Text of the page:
“Can’t we all just get along?”

The immortal words of Rodney King might make for great TV, but they’re a lousy statement on education policy.

And yet, those words nearly jumped off the page as I read Trey Csar’s recent apologia for public school privatization. Csar is president of the Jacksonville Public Education Fund, an organization ostensibly created to help improve public education in Duval County.

While JPEF has done some good work, make no mistake: Its mission is ultimately aligned with those who want to blur the line between public and private education, and to further mask the fact that taxpayers are funding a broad array of various privatized entities.

Csar would like traditional public school advocates (like me) to chill out and get comfortable with the idea of publicly funded private schools as part of the ever-growing, wishy-washy hodgepodge of school choice. Never mind that JPEF’s own report concedes that money going to charters and vouchers is draining precious dollars away from Duval County Public Schools’ operations, to the tune of $51 million last school year.

Admittedly, private schools — whether publicly funded or not — play a significant role in educating Jacksonville’s children. And understanding why parents choose private schools can absolutely help public schools retain students. In that sense, the JPEF report is informative and helpful.

But please don’t ask me to pretend that publicly funded voucher schools are a legitimate “choice” in Florida when a court of competent jurisdiction has yet to say they are. We’re all adults here. We can retain our differences of opinion while continuing the “remodeling” of education that Csar proposes.

The issue is up for trial, and Florida’s constitution appears to forbid delegating education to non-state entities. The Florida Education Association has sued to have the voucher program declared unconstitutional.

The voucher program rests on one of three Big Lies manufactured by the reform industry. The first lie — that private is better — is debunked when the research controls for socioeconomic and other demographic factors. Research also shows that conservative Christian schools fare worst of all — a statistic that should terrify all Floridians, given that 80 percent of vouchers go to religious institutions.

The second lie, that teachers’ unions somehow damage student progress, is wholly unsupported by any research whatsoever.

Lie No. 3, that money doesn’t matter, has also been soundly refuted by the data.

The people who run Step Up for Students, the state’s “scholarship-funding” organization, want to have their cake and eat it, too. They want the state to keep its hands off when it comes to rules about teacher certification, physical facilities and Florida’s uniform accountability program, but they’re more than happy to take the corporate tax dollars.

In other words: They want to be considered public, except when they don’t.

Meanwhile, questions about quality loom. Under some pressure from me, the researcher commissioned by the state to evaluate its voucher program finally stopped comparing apples to oranges. Unfortunately, the Florida Legislature didn’t give Professor David Figlio much to work with: He’s stuck with a test that’s not designed to measure “gains” in the strict empirical sense. So now he compares Florida’s voucher students to other students outside the Florida system, which leaves parents without meaningful data upon which to judge voucher school quality.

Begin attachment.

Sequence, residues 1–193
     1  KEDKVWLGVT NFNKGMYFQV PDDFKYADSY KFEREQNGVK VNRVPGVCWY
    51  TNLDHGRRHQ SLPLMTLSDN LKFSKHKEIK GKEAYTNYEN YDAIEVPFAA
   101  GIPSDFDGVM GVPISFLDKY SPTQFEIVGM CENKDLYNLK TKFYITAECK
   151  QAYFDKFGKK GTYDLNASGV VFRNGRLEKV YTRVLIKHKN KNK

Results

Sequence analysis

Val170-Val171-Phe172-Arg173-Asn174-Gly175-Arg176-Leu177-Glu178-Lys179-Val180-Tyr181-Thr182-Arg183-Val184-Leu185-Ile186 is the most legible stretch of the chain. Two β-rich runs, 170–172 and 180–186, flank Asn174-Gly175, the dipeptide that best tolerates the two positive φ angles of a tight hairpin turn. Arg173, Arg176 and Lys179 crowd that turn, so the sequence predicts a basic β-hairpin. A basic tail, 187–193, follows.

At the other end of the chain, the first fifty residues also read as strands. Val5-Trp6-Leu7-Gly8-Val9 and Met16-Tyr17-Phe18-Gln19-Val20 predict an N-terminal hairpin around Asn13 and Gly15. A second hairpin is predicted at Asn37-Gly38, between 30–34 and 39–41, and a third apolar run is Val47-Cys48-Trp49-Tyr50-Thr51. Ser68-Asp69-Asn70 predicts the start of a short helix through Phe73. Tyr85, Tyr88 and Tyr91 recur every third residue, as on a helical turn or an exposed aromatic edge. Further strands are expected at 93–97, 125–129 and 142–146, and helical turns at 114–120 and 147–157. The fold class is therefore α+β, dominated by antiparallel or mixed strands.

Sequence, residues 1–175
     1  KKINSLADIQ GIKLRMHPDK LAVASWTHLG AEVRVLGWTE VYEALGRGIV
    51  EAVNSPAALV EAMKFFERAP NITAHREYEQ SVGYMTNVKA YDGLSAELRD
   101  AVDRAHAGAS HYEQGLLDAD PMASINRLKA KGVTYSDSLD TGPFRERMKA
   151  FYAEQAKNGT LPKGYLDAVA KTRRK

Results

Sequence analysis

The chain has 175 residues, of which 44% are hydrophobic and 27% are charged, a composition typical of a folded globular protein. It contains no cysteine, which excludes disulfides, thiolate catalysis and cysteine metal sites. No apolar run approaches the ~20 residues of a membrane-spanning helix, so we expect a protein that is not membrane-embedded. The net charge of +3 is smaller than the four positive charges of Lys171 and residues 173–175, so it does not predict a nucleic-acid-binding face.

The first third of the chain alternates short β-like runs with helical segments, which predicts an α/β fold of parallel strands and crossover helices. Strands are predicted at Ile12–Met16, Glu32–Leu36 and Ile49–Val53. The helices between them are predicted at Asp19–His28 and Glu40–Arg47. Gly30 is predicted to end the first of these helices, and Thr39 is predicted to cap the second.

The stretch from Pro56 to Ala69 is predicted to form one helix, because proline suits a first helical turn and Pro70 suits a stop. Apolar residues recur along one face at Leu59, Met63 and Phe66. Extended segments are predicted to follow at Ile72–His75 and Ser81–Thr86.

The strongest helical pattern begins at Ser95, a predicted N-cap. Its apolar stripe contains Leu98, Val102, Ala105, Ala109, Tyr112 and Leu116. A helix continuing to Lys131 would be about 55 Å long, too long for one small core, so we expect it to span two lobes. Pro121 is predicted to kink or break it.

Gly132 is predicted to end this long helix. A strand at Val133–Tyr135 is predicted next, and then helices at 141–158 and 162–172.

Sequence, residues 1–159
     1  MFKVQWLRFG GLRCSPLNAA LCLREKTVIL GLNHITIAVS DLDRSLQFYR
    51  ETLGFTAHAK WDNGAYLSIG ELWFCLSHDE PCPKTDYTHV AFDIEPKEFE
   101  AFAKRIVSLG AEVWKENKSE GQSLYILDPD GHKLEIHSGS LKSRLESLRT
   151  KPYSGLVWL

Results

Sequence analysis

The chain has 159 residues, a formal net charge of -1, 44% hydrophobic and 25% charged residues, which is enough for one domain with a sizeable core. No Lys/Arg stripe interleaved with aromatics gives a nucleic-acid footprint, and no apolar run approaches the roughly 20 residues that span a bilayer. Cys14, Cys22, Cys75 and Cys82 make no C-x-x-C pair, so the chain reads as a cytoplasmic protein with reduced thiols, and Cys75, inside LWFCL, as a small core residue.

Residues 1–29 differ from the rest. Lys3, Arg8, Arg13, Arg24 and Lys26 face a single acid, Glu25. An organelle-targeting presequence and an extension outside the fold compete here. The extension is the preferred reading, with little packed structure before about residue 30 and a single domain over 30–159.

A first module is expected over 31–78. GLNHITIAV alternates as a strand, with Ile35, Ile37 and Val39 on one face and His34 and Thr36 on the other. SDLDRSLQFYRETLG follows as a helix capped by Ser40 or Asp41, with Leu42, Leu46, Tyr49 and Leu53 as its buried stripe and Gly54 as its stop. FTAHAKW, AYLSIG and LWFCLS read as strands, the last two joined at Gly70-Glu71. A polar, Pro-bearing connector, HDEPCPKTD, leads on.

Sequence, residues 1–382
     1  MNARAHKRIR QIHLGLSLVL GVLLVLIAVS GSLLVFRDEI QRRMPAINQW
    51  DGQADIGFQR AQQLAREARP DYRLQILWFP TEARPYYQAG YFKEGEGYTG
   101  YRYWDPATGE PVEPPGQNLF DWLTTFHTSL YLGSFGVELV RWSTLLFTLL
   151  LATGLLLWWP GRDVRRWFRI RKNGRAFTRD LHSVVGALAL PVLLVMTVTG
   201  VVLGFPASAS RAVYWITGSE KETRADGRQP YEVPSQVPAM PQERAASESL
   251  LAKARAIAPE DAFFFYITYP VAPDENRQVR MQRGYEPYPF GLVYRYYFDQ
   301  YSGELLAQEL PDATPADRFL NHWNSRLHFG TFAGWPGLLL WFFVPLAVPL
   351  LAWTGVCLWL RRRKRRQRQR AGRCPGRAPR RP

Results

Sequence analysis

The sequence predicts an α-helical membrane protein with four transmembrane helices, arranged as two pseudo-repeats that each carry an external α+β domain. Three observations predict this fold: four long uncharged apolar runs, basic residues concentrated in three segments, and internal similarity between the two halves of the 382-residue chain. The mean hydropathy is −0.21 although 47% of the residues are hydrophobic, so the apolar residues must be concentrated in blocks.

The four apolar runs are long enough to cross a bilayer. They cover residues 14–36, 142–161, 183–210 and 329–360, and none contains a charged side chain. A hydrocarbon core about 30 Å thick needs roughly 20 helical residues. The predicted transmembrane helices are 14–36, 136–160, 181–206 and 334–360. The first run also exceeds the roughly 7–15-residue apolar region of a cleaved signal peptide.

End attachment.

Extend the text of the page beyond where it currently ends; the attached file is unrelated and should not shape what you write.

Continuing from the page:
“Parents are voting with their feet,” Florida’s Board of Education Chairman Gary Chartrand said regarding school privatization in a public radio interview last year.

Lots of people vote for lots of things with their feet, with or without data that supports their choices. It’s akin to buying a food product for its logo, as opposed to its nutritional content.

The divide between public school advocates, like me, and privatization proponents, like Chartrand, is less ideological than empirical. Csar, who was hired by Chartrand, is stuck in the middle, between science and a hard place.

Still, the empirical gaps don’t diminish the work that JPEF has done, including its most recent report regarding public and private school choices in Jacksonville. The report looks closely at the factors parents consider when choosing a school. It’s important to know what parents want.

Chief among parental concerns are “quality of teachers and staff.” While this fact is useful, JPEF avoided any attempt to measure and compare relative “quality” among parents’ myriad “choices.”

The single academic outcome indicator that JPEF used, reading score losses between fifth and sixth grades, didn’t distinguish between private, private-voucher, charter, magnet or traditional neighborhood schools. It simply showed that students who change schools between fifth and sixth grades — i.e., most students — lose FCAT gains. Indeed, the outcome listed was limited to schools that administer the FCAT — i.e., traditional neighborhood, magnet and charter schools.

While JPEF’s report on choice provides useful information that may inform public school policy, it’s hardly the last word on the value of any given choice. Quality may be chief among the factors in parents’ decisions about schools but, so far, only the public system provides an objective, fungible measure by which to gauge that quality.

Meanwhile, as former governor Jeb Bush leans into the 2016 presidential race, his high-stakes-testing-plus-privatization reform crowd would like us to ignore an important external measure of quality. Florida’s schools have taken what Associated Press reporter Gary Fineout calls a “nosedive” in national rankings, from sixth to 28th in a mere two-year span.

The overriding question is whether all 
the focus on “choice” had anything to do with that nosedive.